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Neighbors Growing Together | Aug 21, 2018

National Run for the Fallen stops in Mt. Pleasant

Jun 14, 2018
Photo by: John Butters George Lutz, the founder of the Run for the Fallen, addressed a commemorative service at First United Methodist Church Thursday. He said his missions to provide healing and a message of thanks to the Gold Star families.

By John Butters, Mt. Pleasant News

 

George Lutz, founder of America’s Run for the Fallen, is blazing a memory trail across the United States.

Lutz, who lives in Virginia, is leading a rotating team of voluntary runners, military and civilian, in a 6,000 mile trek across the U.S. in five months. The run started in April at Fort Irwin, Calif., and will end in August at Arlington National Cemetery. On Wednesday night, Lutz and his core runners stopped in Mt. Pleasant for dinner and a memorial service at the First United Methodist Church before retiring for the night in one of the dorms on the Iowa Wesleyan University campus.

During the church service, Lutz spoke of his mission and the reasons why the run is vital for both the families of the deceased and America.

“It is important to get our nation’s citizens to be grateful for the sacrifice these men and women have made. They are not just statistics. They are men and women with families who loved them,” he said. “We are creating a tribute trail from coast to coast by calling their names out loud. We do this so people can hear of them and honor them.”

But it isn’t only the fallen men and women that concern Lutz, he hopes to bring comfort to Gold Star families.

While on the road, the runners stop and place a marker to honor a fallen military member during a small roadside service. The names are read in the chronological order of their death, beginning with the attack on the U.S.S. Cole in October of 2000. More than 20,000 names will have been read by the time the team reaches Arlington. The names include not only active combat deaths, but also casualties of disease, accidents, Post Traumatic Stress Disorder (PTSD) and other tragic circumstances.

This part of the run is important to Lutz, as he is a Gold Star father himself. Lutz lost his son Corporal George A. Lutz II in December of 2005 in Iraq.

Ron and Shar Pape, Gold Star parents from East Grand Forks, Minn., were in Mt. Pleasant Wednedsay night as one of their sons’ markers was placed near the small Iowa town on Thursday. The couple lost two sons in the military. The marker for their second son is located in New Mexico.

“This means everything to us. They are still remembered,” said Shar.

“This is awesome. We are glad to be here for a couple of days,” said Ron.

Jody Ranisate, the Iowa coordinator and a run captain, is also a member of a Gold Star family. She lost a brother to PTSD 19 months ago. “It’s been amazing. I’ve been planning this part of the run for so many months. Every day we get up early. There is just so much to get done. But it is a joy and a passion for me to participate,” she said.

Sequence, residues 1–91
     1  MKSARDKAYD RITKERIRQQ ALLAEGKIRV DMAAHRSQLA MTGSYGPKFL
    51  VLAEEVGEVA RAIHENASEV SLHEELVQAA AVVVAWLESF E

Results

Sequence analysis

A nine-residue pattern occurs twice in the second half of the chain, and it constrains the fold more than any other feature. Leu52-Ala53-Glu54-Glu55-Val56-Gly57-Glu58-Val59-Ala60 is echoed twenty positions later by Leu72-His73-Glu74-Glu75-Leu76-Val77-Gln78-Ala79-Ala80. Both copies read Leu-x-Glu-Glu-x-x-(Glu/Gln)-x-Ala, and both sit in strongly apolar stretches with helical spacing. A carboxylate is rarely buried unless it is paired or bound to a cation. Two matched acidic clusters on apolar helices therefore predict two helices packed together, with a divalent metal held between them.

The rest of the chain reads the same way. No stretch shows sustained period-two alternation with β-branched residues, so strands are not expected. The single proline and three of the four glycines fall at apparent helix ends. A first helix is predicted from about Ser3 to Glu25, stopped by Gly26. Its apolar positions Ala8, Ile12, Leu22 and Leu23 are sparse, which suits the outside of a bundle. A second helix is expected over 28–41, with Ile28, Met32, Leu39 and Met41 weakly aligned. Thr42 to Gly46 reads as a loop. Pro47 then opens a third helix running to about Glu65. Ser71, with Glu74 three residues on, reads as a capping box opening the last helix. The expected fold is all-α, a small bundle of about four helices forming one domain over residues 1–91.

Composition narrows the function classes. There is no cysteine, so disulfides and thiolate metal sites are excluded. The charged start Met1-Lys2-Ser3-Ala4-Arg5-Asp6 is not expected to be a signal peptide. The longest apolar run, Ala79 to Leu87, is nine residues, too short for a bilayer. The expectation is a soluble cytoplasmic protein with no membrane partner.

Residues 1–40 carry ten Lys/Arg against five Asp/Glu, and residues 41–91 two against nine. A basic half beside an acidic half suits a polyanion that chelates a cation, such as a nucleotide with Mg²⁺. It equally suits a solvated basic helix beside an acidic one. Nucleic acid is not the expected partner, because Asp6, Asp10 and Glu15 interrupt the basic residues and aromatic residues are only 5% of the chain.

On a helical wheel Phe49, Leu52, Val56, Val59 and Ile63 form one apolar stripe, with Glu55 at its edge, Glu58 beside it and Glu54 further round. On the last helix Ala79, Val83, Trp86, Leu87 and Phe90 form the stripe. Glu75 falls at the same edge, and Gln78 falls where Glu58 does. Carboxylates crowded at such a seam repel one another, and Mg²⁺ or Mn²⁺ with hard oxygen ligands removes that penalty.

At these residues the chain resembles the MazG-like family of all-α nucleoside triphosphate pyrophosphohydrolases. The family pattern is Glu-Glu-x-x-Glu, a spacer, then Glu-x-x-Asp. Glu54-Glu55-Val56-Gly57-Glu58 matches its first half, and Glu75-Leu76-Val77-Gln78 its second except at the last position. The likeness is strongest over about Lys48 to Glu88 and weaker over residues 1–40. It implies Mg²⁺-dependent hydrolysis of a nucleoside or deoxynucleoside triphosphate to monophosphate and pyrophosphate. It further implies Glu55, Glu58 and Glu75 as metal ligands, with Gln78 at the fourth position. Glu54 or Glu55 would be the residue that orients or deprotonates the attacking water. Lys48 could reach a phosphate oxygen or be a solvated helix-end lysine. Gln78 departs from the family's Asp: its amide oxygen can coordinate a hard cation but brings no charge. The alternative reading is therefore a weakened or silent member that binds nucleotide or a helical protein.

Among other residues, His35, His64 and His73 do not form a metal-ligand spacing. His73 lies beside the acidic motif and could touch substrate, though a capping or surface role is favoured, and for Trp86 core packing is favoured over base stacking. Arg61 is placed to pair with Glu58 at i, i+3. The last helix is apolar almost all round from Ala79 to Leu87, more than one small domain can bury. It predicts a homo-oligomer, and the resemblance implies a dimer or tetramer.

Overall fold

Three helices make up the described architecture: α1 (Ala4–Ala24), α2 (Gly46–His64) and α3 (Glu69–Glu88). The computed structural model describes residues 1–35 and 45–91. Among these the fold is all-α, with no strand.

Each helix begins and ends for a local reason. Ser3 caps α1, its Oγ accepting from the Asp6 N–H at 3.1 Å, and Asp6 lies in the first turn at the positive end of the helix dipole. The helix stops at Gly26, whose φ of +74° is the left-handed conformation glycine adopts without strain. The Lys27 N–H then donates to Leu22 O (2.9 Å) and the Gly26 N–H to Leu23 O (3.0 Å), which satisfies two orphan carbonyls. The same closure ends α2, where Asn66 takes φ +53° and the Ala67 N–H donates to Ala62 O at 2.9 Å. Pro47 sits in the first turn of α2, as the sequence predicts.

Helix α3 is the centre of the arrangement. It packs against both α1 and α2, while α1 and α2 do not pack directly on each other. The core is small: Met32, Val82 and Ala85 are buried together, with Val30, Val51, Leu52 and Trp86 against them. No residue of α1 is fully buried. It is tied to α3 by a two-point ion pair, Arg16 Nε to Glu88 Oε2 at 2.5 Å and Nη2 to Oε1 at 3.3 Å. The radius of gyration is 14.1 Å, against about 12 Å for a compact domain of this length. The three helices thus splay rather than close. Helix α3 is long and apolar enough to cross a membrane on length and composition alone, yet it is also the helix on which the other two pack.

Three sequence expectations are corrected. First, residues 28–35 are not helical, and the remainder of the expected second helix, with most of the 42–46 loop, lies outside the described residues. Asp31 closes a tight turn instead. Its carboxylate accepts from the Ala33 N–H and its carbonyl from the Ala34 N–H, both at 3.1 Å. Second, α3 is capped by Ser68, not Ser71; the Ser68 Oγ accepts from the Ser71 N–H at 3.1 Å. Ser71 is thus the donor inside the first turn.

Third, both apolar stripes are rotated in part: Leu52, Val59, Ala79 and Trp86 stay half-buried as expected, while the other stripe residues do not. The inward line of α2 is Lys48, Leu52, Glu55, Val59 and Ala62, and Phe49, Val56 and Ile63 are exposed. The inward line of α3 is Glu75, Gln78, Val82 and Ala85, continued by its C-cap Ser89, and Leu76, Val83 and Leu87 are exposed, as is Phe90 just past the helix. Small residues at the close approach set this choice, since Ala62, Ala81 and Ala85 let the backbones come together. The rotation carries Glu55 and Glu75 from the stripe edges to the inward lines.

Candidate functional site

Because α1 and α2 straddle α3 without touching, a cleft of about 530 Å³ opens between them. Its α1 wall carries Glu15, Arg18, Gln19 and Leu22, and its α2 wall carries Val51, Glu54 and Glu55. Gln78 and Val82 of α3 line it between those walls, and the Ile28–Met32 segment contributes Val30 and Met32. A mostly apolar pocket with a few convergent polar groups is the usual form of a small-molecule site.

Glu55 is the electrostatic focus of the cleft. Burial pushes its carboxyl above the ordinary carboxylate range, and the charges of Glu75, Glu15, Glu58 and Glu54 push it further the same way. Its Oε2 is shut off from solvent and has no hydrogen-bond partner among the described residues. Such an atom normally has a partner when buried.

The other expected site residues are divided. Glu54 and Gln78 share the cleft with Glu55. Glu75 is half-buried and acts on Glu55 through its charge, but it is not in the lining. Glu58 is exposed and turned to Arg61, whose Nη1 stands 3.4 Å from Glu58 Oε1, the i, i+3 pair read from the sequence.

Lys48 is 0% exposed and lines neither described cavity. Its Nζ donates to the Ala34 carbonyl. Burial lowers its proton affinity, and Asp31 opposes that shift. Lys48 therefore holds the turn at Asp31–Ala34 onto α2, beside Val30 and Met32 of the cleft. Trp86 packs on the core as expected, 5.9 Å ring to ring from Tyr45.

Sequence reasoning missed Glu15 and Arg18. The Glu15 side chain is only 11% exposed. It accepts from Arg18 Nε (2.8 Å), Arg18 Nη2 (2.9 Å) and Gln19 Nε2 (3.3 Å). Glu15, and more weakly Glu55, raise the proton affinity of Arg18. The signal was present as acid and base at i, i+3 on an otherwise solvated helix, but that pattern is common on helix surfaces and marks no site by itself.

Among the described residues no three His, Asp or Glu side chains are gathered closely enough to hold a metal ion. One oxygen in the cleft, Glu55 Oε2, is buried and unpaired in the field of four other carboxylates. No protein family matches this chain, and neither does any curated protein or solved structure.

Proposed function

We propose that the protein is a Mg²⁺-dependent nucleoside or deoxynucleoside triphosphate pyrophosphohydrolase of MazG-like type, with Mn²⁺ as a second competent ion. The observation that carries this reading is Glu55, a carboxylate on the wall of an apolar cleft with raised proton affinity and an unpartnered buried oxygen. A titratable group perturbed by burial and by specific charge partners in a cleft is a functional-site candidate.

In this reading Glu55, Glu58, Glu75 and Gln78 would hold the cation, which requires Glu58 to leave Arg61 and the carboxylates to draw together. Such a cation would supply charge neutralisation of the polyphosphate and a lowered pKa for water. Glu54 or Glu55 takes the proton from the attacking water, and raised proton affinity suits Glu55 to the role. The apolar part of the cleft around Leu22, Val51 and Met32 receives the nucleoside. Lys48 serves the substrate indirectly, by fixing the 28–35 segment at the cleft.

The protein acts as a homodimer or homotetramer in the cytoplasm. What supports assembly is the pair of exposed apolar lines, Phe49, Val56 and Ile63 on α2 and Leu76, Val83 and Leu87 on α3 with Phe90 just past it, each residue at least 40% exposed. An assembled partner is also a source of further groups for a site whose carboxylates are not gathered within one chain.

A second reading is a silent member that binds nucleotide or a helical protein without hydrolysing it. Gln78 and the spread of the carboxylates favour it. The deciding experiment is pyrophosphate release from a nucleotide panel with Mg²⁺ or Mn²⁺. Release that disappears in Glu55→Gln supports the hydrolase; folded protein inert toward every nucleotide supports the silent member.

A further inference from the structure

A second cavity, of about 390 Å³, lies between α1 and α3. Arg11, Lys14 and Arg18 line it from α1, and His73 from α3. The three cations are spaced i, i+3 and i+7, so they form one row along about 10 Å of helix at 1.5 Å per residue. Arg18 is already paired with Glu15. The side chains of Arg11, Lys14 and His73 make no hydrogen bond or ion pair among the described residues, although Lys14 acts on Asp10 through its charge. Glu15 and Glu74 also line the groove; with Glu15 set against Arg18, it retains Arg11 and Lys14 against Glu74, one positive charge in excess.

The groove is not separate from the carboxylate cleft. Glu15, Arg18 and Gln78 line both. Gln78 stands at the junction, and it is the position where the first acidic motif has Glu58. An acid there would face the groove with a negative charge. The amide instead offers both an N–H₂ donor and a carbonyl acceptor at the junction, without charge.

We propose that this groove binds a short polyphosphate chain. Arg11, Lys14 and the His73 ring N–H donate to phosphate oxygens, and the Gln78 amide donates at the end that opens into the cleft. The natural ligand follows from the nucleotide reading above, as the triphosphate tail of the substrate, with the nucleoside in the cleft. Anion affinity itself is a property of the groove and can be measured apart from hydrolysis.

Doug Turner, who attends Indian Hills Community College, ran with the Davis County cross-country team from Ottumwa to Mt. Pleasant. He found the small services moving, he said. “The thing that keeps me going is how this impacts on the families.”

DeWayne Frazier, vice president for academic affairs, said the college was privileged to participate. “Our college has a long tradition of being helpful to our military. We care about them. We wanted to step up and give something back to our Gold Star families. We saw an opportunity to partner with the First Methodist Church and provide support for the run team,” he said.

He said local businesses such as AmericInn, Casey’s, Any Wear Apparel, and the Mt. Pleasant Area Chamber Alliance contributed to the event.

Ryan Heffernan works for Iowa Wesleyan through the AmeriCorps program. His job includes acting as a liaison between the college and the community. He was charged with finding provisions for the run team. It was not difficult to find willing sponsors, he said.

“There has been an outpouring of support for the runners and the entire event,” he said.

Mt. Pleasant residents, like Paul Weinstock, also volunteered their time and money. Weinstock retired from the Army after 27 years of service.

“I wanted to do my part. There are a lot of people taking time out of their life to support this project. As a soldier, I appreciate that people support us,” he said.

In his closing remarks, Lutz confirmed his dedication to the fallen and their families. “I hope this run brings a message of healing. I hope it brings a message of thanks.”

Thursday’s route will take the runners from Mt. Pleasant to Burlington and then into Illinois. By the time the group arrived at Mt. Pleasant, they had logged 3,100 miles and crossed 11 states. Those interested in following the run can watch the live feed online at the site www.runforthefallen.org.

Relatives who would like to attend a service can search for a loved one’s mile along the 2018 route. A map should pop up indicating the general location of each marker. If the families let the organizers know that they will be there, they will do their best to identify the exact time and location that day.

The project is being underwritten by donations from both corporate sponsors and private contributions.

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